In one way, this is an advantage. Since your mother-in-law “owns” the account, it does not have to be disclosed if you apply for financial aid. However, if you withdraw from that account to pay for college it weighs much more heavily against you in the year after you use the money. So you should save the money in that account for the last year of college.
You can have multiple accounts — with different owners. So if you wanted to start your own BrightStart account (www.BrightStartSavings.com), it would be considered a separate account. You could even open a 529 at BrightStart in your own name, or for another child, since anyone in the same family can use the money for college! Or you could open a 529 account at Vanguard or Fidelity, using their plans — but you wouldn’t get the tax deduction as you do for a BrightStart contribution.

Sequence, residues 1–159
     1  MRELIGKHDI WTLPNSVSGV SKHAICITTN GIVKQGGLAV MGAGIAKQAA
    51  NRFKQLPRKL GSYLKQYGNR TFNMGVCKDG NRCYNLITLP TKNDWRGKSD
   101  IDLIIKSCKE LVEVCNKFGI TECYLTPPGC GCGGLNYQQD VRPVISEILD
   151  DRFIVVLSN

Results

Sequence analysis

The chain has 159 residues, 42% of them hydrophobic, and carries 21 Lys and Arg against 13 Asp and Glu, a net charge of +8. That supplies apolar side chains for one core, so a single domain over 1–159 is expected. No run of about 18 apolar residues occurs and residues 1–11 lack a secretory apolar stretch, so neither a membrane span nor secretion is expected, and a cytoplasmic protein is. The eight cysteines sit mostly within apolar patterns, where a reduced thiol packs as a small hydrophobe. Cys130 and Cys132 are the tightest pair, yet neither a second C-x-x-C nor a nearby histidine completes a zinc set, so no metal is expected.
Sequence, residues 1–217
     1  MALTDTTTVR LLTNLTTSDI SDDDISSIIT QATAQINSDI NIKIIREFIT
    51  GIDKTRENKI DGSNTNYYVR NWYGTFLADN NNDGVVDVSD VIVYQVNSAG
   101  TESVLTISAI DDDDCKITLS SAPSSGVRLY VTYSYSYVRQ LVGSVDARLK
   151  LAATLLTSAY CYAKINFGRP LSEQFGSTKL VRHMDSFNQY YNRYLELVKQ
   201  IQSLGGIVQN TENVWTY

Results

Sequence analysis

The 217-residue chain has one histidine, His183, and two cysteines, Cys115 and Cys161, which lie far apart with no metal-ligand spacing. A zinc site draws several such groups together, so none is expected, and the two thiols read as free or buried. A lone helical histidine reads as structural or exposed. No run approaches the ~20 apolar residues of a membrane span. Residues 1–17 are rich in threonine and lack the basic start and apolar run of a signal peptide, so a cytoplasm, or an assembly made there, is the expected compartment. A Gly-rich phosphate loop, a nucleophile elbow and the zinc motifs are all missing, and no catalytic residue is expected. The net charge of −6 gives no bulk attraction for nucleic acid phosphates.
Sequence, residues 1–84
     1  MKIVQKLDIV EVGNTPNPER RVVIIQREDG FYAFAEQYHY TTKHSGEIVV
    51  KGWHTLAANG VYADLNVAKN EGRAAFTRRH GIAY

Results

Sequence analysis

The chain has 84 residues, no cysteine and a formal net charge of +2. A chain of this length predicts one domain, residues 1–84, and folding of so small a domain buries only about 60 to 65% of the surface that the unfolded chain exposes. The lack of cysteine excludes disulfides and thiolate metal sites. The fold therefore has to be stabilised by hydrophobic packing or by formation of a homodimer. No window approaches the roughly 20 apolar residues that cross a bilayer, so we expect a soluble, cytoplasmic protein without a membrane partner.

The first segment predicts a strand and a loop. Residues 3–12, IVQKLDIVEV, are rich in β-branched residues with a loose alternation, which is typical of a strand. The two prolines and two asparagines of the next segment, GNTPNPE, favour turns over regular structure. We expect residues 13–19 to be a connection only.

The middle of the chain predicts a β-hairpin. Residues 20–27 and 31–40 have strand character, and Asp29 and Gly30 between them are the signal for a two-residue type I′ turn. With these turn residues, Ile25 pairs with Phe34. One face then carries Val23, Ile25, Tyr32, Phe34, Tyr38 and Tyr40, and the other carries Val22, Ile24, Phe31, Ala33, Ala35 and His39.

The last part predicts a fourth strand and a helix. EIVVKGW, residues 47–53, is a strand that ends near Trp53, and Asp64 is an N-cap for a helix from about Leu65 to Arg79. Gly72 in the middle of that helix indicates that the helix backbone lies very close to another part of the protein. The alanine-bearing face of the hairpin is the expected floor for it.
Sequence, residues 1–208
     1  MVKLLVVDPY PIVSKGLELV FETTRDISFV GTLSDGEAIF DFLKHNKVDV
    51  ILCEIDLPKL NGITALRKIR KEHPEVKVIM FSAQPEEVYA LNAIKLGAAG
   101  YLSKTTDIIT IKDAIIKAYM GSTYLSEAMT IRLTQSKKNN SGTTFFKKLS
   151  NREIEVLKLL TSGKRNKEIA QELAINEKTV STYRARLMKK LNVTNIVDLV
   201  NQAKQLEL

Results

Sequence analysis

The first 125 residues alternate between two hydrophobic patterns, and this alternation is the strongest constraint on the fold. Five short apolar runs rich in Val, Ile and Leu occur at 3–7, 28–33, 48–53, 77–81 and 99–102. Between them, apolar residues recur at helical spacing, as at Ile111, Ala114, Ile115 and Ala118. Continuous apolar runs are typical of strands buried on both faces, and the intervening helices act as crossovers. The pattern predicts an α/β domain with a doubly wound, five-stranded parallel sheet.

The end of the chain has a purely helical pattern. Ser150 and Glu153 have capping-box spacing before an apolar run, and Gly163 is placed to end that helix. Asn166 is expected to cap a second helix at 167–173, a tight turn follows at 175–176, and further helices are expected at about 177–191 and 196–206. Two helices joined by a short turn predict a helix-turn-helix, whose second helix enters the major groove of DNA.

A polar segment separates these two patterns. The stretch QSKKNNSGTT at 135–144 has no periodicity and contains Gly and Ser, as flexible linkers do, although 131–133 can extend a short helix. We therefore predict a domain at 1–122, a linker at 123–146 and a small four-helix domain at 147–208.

As for “managing” — your mother-in-law likely chose the “age-based” plan — where they adjust the investments to become more conservative as the child reaches college. So don’t argue with her. Encourage her to keep saving for her grandchild! And set up your own plan as well, because you can never have too much money for college.